The issue of data exfiltration extends beyond these entertainment platforms. Zoom, a videoconferencing firm based in the United States, but with extensive engineering operations in China, is a perfect example. The platform has become the go-to social and professional event destination for people with nowhere to go: In a pandemic-driven flurry, users downloaded Zoom from the App Store 94 million times during the second quarter of 2020, smashing TikTok’s first-quarter record. When Zoom events cross borders, the lack of U.S. consumer data security laws leaves Americans unprotected. On June 4, for instance, Zoom shut down a conversation between users in China and the United States with Tiananmen Square activists, allegedly following Chinese law — but violating the first amendment rights of American users. The firm has since updated its policies, but its data security practices can’t currently be externally verified by the very users who rely on the platform for everything from preschool to last rites.

Zoom also forms the backbone of efforts by U.S. educators to serve hundreds of thousands of Chinese students, but presents serious data-sharing risks. The June 1 law, combined with a December 2019 regulation that asserts potential criminal or civil liability for sharing “unhealthy online content,” allows students, teachers and universities to be surveilled, or held criminally or civilly liable in China for information they access or share. Imagine a student in China taking a class on Tibet from their home university in the United States. The student taking the course, the professor teaching it and the university providing the proxy server to access course materials could be held criminally or civilly liable by the Chinese government for sharing that content. Hong Kong’s National Security Law from July 1 demonstrates that the Chinese government has no problem holding people liable for crimes extraterritorially. Zoom has repeatedly asserted that it complies with Chinese laws in its operations, which then extends legal risks to U.S. users.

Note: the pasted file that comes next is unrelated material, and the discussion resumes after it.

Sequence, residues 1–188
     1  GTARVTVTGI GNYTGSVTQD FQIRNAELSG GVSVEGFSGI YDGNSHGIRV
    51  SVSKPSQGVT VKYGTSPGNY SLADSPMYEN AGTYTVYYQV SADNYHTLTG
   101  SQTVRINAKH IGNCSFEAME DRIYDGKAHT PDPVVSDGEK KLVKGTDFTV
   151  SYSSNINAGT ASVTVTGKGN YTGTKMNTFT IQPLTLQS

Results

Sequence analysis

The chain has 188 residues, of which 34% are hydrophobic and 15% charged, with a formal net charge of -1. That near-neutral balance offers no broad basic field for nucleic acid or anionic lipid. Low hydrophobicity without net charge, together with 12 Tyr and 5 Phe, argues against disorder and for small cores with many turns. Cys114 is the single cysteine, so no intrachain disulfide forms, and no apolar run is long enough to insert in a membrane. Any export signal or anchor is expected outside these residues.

Other platforms, beyond the communications industry, also gather extensive data. Alibaba, China’s leading e-commerce platform, now operates in the United States for business customers under its Alibaba brand. Roughly one-third of the firm’s 10 million active business users are U.S.-based (and if you were trying to source masks back in March or April, you probably stumbled on it). Cash-rich e-commerce firms like Alibaba freely harvest user data and are poised to make big financial gains in the United States at a moment when brick-and-mortar businesses are dying on the vine.

Data exfiltration from the United States to China is systemic, and presents a pressing national security issue. Keeping consumer data safe would require comprehensive oversight of, and transparency from, all firms operating in the United States.

Spotty executive orders, half-written in response to stunts by K-pop fans, won’t cut it.